The Deacon's Bench

Surprised? The Boston Globe has the story:

Richard J. Henken, a Boston real estate company executive, grew up in a conservative Jewish family on the south side of Newton. He attends services on the Jewish High Holy Days and considers his religion an important aspect of his identity.

He also gives $25,000 to $30,000 a year to Catholic schools. He serves as an officer on the board of the Catholic Schools Foundation, which raises millions each year to help send children from low-income families to Catholic schools.

“When I started telling my friends I had joined the board, I got a couple of funny looks,” he said. “But whoever it is that wants to step up and provide a nurturing environment for at-risk youth based on Judeo-Christian values, I’m with you all the way.”

Henken, the president of Schochet Associates, which develops, acquires, and manages residential and commercial property throughout New England, is one of a number of Jewish benefactors in Greater Boston who not only give generously to Catholic schools, but also provide significant fund-raising muscle at a time when the region’s parochial schools are under severe financial strain.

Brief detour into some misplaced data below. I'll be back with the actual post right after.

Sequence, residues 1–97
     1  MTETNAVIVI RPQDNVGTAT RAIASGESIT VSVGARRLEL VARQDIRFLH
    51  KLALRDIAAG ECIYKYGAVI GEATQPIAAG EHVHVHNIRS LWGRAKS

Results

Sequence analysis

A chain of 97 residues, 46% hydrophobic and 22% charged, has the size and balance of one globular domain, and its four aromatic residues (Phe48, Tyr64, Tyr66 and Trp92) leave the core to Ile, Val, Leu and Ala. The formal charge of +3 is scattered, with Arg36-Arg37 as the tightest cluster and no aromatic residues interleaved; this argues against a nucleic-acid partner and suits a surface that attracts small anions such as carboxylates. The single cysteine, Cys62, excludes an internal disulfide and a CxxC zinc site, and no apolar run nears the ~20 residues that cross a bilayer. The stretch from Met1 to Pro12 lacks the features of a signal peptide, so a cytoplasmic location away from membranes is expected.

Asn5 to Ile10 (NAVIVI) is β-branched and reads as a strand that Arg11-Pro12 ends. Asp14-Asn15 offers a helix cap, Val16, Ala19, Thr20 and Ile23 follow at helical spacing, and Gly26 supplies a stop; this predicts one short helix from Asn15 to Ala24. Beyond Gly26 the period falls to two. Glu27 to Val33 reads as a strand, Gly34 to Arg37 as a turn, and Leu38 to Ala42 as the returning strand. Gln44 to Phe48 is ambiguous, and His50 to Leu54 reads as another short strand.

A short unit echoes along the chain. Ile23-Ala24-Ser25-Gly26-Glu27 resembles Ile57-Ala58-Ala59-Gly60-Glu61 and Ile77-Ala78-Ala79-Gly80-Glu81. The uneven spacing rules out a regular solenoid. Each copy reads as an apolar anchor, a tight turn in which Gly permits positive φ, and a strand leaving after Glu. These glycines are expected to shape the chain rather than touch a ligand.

While they represent a small minority of donors to Catholic schools, the Jewish contributors are prominent in the community and deeply involved: Robert Beal, president of the commercial real estate firm Beal Companies, is a longtime benefactor. Howard Kessler, his wife, Michele, and his firm, The Kessler Group, have “adopted” Cathedral School in the South End. New England Patriots owner Robert Kraft has been a major donor for years; he gave $100,000 as chairman of the foundation’s 20th annual Inner-City Scholarship Fund dinner this spring, according to the event’s program.

Most Jewish benefactors interviewed about their support for Catholic schools said they also give to Jewish organizations — particularly Combined Jewish Philanthropies, which among other causes supports the region’s Jewish day schools.

But they said they are passionate about Catholic schools because they provide an excellent education to the neediest children.

There’s much more. Read on.

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